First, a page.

I am back blogging after a bit of a break. Some friends were wondering why the silence. Well, being a priest in a parish makes many demands and they have kept me busy. I am also using some blogging time to catch up on my reading. I am a bookworm, but of late I have been finding it hard to get some reading in and that is not good for me, nor for any of us. We should all be reading, spiritual books of course, but also others to keep us informed.
At the moment I am reading Roy Jenkins's biography of Winston Churchill. It is a fine book. Churchill, as many of you know is an interesting character. As an Irishman, I suppose there is the expectation to dislike him, but I cannot conform to that: I do actually like him. Now he was not a perfect man, he had his flaws, many of them as do all of us. One of his friends once said that in first meeting Winston all his flaws are all too apparent, but after that one spends a lifetime getting acquainted with his virtues. For all the flaws and ambition, he was a good man who wanted to do something great for his country (and get the glory!). And what a writer he was! I have been eyeing up his books in the bookstore, his life of Marlborough looks interesting and his volumes on the two World Wars are all too like a honey trap which would wile away weeks and months.
Reading the biography I find myself wondering what he would make of the world today. He was a member of the liberals, and when a Conservative he was a member of the liberal wing: liberalism then was very different to what passes as liberalism today. For one thing he believed in the monarchy and one of his great, failed (and unwise) campaigns was to keep India in the empire, for reasons that were conservative to the core. He also opposed Irish independence for much the same reasons, though the pragmatist in him saw him relent and become a supporter of the Free State during the Civil War here. It is interesting to note that he befriended Michael Collins whose guerrilla warfare did much to drive the British to the negotiating table. Churchill was wise enough to see what Hitler was up to as many in the British government at the time nurtured fantasies of appeasement in the hope of peace. I wonder what Winston would say about IS? Would be dismiss them or see a growing threat?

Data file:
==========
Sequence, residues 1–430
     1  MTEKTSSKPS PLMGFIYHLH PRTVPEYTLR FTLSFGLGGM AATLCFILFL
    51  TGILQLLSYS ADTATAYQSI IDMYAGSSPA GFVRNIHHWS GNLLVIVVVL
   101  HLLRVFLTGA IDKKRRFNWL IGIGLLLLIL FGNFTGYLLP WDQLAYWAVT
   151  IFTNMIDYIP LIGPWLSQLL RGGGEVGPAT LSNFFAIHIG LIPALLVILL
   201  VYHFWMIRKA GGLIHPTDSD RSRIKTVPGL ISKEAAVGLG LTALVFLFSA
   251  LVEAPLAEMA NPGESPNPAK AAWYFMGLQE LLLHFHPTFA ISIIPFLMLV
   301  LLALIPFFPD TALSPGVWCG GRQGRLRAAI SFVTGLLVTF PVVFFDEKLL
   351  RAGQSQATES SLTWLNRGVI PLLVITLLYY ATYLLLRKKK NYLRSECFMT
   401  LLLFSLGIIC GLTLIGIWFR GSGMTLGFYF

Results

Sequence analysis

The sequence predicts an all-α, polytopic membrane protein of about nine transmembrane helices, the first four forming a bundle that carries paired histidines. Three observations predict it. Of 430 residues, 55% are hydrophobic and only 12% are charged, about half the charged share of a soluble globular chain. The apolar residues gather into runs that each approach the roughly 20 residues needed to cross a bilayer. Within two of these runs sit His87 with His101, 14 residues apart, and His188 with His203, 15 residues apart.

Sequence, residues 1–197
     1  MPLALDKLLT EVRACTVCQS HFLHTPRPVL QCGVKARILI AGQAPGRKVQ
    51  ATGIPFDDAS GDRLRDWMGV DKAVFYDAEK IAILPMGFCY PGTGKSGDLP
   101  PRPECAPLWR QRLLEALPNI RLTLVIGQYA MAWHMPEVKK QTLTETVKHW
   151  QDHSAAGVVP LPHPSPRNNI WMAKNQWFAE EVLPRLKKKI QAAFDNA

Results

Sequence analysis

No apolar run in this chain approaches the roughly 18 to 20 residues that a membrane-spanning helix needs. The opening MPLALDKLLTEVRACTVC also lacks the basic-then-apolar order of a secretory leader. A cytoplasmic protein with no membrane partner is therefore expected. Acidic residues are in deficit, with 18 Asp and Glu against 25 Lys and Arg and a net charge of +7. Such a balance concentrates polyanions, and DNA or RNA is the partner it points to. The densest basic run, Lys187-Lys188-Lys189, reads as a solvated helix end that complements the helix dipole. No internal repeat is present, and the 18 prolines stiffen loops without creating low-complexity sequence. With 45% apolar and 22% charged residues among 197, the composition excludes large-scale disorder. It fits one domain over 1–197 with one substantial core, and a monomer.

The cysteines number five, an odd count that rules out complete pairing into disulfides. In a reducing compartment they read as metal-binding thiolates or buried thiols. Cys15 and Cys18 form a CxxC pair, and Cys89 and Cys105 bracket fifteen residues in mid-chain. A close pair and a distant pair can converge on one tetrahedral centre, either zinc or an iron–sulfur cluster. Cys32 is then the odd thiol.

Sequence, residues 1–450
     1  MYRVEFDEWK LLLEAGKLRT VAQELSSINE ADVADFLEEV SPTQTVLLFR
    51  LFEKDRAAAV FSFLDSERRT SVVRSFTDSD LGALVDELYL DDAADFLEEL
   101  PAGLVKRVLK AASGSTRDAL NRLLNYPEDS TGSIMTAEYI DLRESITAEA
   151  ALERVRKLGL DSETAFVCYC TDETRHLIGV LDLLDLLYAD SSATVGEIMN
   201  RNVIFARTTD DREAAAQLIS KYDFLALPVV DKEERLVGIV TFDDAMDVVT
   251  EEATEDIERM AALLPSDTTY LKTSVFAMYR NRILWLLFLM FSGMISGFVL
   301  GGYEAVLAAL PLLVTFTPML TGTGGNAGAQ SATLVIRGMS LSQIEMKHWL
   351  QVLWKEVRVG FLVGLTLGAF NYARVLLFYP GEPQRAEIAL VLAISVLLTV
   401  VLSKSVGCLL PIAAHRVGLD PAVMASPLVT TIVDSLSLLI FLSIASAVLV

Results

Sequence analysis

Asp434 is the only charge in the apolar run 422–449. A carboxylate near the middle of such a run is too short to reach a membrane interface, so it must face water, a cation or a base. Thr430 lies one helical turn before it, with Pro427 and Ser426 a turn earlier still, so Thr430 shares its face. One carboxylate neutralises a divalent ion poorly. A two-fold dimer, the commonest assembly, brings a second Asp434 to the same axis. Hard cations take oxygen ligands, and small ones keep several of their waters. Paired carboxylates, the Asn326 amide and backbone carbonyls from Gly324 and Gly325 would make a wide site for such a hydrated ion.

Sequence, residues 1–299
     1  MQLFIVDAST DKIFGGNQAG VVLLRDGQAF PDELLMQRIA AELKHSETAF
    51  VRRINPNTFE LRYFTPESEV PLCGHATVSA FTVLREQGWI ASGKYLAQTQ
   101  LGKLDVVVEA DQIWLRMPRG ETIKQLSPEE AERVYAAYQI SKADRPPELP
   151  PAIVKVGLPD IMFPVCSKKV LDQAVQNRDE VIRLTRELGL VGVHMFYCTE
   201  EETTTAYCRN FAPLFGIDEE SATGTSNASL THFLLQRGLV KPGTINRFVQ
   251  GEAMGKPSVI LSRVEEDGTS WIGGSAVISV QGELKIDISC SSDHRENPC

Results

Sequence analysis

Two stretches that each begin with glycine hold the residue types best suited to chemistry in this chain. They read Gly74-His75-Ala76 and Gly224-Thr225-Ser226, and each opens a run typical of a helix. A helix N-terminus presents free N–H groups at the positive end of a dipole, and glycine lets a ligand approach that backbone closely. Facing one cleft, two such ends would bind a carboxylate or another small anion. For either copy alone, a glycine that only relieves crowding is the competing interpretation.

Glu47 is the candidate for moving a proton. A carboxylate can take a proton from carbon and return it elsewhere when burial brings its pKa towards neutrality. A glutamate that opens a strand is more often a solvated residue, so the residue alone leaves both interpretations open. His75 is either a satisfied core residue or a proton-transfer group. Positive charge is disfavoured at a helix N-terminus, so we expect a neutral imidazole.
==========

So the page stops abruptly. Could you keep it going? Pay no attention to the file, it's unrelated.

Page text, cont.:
So I think afternoon tea with Winston might have been an interesting experience. Not dinner: you couldn't afford to feed Churchill - he was not the most abstemious of people. Champagne with every dinner? No, no, no. I would have dinner with Chesterton, he would eat enough but as long as it was common fare and he had a few ales he would be as happy as Larry. Besides, Chesterton's conversation would be much more stimulating. You have to listen to Churchill and be fascinated and entertained, but Gilbert would draw you into conversation, perhaps debate, certainly entertain you, edify you, make you laugh, and then end it all with a prayer before he put on the coat and sauntered out to figure out how to get home.
Another literary figure I am spending a little time with (when time allows!) is Flannery O'Connor. She is a fascinating figure, a little like Chesterton, but darker - like Dante in that respect. As those of you who have read her will know she is concerned with grace: as one critic said, she explores the work of grace in a world governed by the devil. That reason alone means she is necessary reading for us today. I also think, like Chesterton, she was a saint, not a plaster one, but a real flesh and blood woman whose faith transformed her life and her suffering while deeply informing her writing. I would love to see her and Gilbert canonised one day; forget Oscar Romero and Co - Flannery and Gilbert are the real revolutionaries. And what companions for us today: their writings can inform and challenge us, their lives inspire us, and, I hope, their intercession can assist us.
Heaven is going to be great. We will have the vision of God, the embrace of the Blessed Mother, but then the company of so many wonderful people. We must work hard for heaven!